Prototyping and Construction
For Vuforia integration, traditional dress forms with darts and flares cannot be used for markers due to the instability of the ruffles. Thus we set out to get a pattern with complete flatness on each side of the crinoline by draping the crinoline form in muslin. After making a prototype based on the pattern, we taped patterns onto it to test using Vuforia. We then build each of the next two layers of the dress by draping onto the crinoline then sewing together each of the layers. The zipper opens at the back of the second layer and on the side of the first (augmented reality) layer because we found that the stories needed to be visualized on the front, back, and side panels to be coherent.
Next we designed four sets of patterns to be used around each side of the crinoline, which narrates the birth of the universe in the Big Bang, star formation and expansion, multidimensional aggregation, and the end in the Big Crunch. We scanned in our draped pattern and printed the vinyl using a Roland cutter. After placing the cut-out pattern on a heat-press, we carefully peel out the excess. The result is then draped again over the mannequin and further stitches are used to reinforce the back side. Throughout the process we continue to improve our marker detection and animation in Unity. The high contrast of the vinyl on fabric makes the Vuforia integration robust.
We designed shapes and textures in Blender and Maya to deploy for iphone in this project. A wireframe shader was employed to show the “rising from the ground” concept from two of the scenes. A package for moving objects in Kepler orbits was used to move some of the planet spheres in the destruction scene. The challenges here were the placement and movement of the individual shapes with respect to the pattern on the clothing. We modified a camera path creator asset for Unity to move our ship and planet-like shapes around, and also added particle systems from Unity. The results are a set of four animations that narrates a tapestry of birth and death of the universe accessible from the iphone.
When we talk to viewers about animations on textiles, they repeatedly discuss the possibility of a projection environment that complements the AR fashion by setting the scene of the narrative. We implemented the system using three Cube RIF projectors that spin around a central gear driven by a 1 RPM gear motor. The projectors are connected to ball heads that allow free angles of rotation, so that the projectors can make orbits of various angles around the room. The result is a slowly rotating set of three videos (currently base on the animations we built earlier) that makes a planet-like movement around the room, complementing the fashion show itself, which involves an audience rotating around the model in a similar orbit fashion. The theme of a cyclical evolution of appearance and disappearance of planets in orbit around the universe, which is born and is gone, is converged upon by the dress, the animated AR content, the projection in the room, and the audience-model engagement.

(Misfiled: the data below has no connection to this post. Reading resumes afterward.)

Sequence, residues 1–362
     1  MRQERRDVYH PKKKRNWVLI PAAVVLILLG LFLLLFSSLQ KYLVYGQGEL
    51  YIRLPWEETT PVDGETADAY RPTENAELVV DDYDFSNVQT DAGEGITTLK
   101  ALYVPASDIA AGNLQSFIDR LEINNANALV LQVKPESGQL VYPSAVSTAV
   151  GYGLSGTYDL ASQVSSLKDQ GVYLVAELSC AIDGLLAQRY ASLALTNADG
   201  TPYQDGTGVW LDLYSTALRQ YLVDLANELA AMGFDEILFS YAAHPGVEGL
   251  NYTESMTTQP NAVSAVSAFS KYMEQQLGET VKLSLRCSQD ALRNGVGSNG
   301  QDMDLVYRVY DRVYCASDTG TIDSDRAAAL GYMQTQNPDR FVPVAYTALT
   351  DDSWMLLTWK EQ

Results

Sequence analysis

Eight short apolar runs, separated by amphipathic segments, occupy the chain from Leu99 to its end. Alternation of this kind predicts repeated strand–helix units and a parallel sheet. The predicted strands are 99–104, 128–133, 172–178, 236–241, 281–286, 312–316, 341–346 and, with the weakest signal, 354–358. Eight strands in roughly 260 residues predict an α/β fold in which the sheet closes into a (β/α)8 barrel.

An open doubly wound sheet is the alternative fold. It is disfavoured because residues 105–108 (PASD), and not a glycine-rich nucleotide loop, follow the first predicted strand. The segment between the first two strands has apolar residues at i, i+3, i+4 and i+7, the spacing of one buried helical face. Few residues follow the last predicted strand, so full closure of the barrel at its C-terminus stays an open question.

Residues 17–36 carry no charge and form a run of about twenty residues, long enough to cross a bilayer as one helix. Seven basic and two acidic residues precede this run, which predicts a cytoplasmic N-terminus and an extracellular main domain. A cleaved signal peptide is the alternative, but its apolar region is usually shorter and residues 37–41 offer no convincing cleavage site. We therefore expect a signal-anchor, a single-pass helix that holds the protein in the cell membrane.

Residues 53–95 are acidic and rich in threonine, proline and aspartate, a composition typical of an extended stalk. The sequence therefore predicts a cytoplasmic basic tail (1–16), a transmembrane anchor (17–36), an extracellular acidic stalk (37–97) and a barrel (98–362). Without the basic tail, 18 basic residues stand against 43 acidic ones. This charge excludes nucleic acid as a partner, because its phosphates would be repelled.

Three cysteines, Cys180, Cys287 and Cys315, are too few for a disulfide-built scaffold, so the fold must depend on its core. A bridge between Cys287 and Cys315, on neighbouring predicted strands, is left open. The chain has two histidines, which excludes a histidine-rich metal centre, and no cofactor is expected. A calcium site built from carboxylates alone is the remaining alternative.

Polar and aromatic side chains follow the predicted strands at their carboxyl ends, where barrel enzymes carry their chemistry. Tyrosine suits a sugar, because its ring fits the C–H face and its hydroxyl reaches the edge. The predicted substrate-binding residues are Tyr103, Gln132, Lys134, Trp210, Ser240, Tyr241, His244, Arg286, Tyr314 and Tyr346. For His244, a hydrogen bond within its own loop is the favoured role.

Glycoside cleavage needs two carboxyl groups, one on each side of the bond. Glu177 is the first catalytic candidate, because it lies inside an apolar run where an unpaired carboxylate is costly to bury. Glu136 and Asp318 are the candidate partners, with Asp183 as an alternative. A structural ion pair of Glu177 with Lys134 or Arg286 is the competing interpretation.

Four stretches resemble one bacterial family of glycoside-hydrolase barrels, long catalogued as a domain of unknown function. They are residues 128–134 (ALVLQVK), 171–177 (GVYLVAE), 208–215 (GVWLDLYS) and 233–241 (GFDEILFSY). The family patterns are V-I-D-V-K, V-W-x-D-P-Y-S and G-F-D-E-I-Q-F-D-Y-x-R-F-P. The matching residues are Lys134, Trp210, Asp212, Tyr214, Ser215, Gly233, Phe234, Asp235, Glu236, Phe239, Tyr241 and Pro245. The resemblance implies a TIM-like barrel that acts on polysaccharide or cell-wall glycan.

We have created an narrative fashion experience that runs contrary to traditional practice. Instead of the viewers sitting static at a gallery gazing at walking models, we reverse the relationship, allowing the audience to go where they place and engaging AR content when they please. Using the theme of the cyclical birth and death of the universe, we created a visual and interactive experience that uses 4D projection, continuity of the dress form, and audience movement to show off fashion design in a temporally interactive manner. The future of fashion is to see beyond the 2D fabric and 3D design into 4D custom animated content and 5D audience interaction. It remains to see what else fashion exhibition is capable of expressing.
This work was exhibited at NYC Media Lab and Parsons School of Design.